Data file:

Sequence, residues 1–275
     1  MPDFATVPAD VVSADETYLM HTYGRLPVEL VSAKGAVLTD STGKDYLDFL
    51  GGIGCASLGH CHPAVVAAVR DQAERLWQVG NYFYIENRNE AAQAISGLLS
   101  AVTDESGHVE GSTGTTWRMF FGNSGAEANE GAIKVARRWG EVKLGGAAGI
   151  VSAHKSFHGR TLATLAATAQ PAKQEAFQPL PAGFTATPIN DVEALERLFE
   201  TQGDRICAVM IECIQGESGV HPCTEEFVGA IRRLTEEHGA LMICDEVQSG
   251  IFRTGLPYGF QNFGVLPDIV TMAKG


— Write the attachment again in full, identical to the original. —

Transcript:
Sequence, residues 1–275
     1  MPDFATVPAD VVSADETYLM HTYGRLPVEL VSAKGAVLTD STGKDYLDFL
    51  GGIGCASLGH CHPAVVAAVR DQAERLWQVG NYFYIENRNE AAQAISGLLS
   101  AVTDESGHVE GSTGTTWRMF FGNSGAEANE GAIKVARRWG EVKLGGAAGI
   151  VSAHKSFHGR TLATLAATAQ PAKQEAFQPL PAGFTATPIN DVEALERLFE
   201  TQGDRICAVM IECIQGESGV HPCTEEFVGA IRRLTEEHGA LMICDEVQSG
   251  IFRTGLPYGF QNFGVLPDIV TMAKG